If you’re a new collector who doesn’t have a lot of cash to burn, buying art for your home can feel like a weighty decision in an intimidating marketplace. At some point though, you’re going to get tired of looking at those IKEA posters that seemed so cool when you bought them for your first apartment. Fear not the gallery–there are economical ways to start your home collection, whether you envision many pieces or one oversized painting to hang over your couch. Buying artwork is an investment that you will be looking at day in and day out so it’s important to make sure you LOVE what you buy, and with these affordable choices you’re guaranteed to find something you adore at a price you can afford.
Art Fairs The Affordable Art Fair at The Metropolitan Pavilion (125 W. 18th St. between 6th and 7th avenues) is a yearly event for the serious, yet penny-pinching art aficionado. The fair runs from Sept. 10-13, and costs $20 at the door, $18 online per day for the chance to check out more than 70 local, national and international galleries selling artwork from over 1000 artists. Affordable in this context means anything under $10,000, but at least half the work is guaranteed to be under $5,000. The fair’s website also has handy guides for first time art buyers, from everything you should know about buying your first piece to a handy cheat sheet on art movements. The galleries in attendance are happy to talk about the artists they represent, and help green collectors discover the next best thing.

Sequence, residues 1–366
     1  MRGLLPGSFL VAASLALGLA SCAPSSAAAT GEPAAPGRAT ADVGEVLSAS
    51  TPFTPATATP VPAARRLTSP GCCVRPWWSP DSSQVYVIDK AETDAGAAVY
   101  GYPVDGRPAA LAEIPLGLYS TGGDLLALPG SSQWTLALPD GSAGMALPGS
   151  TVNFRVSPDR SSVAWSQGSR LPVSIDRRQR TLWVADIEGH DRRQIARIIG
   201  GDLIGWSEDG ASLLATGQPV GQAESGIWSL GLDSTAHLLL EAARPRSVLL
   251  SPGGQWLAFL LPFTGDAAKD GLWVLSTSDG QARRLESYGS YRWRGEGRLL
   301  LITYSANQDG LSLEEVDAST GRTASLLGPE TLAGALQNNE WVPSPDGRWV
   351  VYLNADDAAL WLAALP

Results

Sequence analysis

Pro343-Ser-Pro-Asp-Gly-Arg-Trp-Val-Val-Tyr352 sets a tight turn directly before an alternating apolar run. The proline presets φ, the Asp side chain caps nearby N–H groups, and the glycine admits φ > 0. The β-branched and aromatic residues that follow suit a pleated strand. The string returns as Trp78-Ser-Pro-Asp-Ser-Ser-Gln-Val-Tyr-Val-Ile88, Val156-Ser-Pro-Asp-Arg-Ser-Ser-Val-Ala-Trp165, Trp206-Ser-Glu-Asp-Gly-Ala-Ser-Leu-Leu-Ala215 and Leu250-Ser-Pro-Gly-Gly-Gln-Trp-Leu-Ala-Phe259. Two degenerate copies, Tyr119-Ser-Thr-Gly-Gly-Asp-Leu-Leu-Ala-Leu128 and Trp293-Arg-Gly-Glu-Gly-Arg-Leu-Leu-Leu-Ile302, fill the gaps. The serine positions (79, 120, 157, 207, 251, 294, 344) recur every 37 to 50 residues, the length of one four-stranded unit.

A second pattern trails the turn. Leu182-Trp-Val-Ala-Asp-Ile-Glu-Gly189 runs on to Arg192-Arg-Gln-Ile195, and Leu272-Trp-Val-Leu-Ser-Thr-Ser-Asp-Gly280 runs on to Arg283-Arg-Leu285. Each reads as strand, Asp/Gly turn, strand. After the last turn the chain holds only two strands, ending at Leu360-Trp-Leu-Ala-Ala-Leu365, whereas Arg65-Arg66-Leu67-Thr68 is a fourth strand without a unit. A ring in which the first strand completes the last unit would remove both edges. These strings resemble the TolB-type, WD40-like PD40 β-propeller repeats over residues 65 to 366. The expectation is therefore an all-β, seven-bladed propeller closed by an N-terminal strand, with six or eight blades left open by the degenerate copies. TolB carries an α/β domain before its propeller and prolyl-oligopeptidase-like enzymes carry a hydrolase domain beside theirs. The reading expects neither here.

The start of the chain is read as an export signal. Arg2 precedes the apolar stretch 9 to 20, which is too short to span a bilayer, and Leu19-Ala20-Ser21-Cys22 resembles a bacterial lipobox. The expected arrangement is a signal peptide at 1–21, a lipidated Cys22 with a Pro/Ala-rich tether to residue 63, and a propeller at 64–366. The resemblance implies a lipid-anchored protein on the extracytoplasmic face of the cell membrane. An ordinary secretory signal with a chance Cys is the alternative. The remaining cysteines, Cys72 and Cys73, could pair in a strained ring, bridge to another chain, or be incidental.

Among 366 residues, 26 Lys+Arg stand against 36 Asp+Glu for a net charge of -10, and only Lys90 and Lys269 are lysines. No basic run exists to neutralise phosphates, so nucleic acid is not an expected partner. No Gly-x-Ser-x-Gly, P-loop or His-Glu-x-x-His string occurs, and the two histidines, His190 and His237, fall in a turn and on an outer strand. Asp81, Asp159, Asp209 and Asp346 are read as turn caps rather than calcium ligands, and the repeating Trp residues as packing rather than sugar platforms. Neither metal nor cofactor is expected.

Emerging Artists Many would-be collectors are intimidated by the gallery scene, and assume that the art in all galleries is above their pay grade. Galleries that specialize in working with emerging artists are a good place to start your collection. The Cotton Candy Machine (235 South 1st Street, Williamsburg) sells original art, prints, and lithographs with a graphic novel aesthetic for affordable prices. Bushwick Open Studios is a three-day arts and culture festival that happens in early June, and allows visitors to meet and discover new artists and get a feeling for the New York emerging art world (mark your calendar for next year). LAND Gallery (67 Front St. DUMBO) is a nonprofit center for adult artists with developmental disorders. The work is wonderfully eclectic, ranging from large scale tinfoil sculptures to celebratory portraits.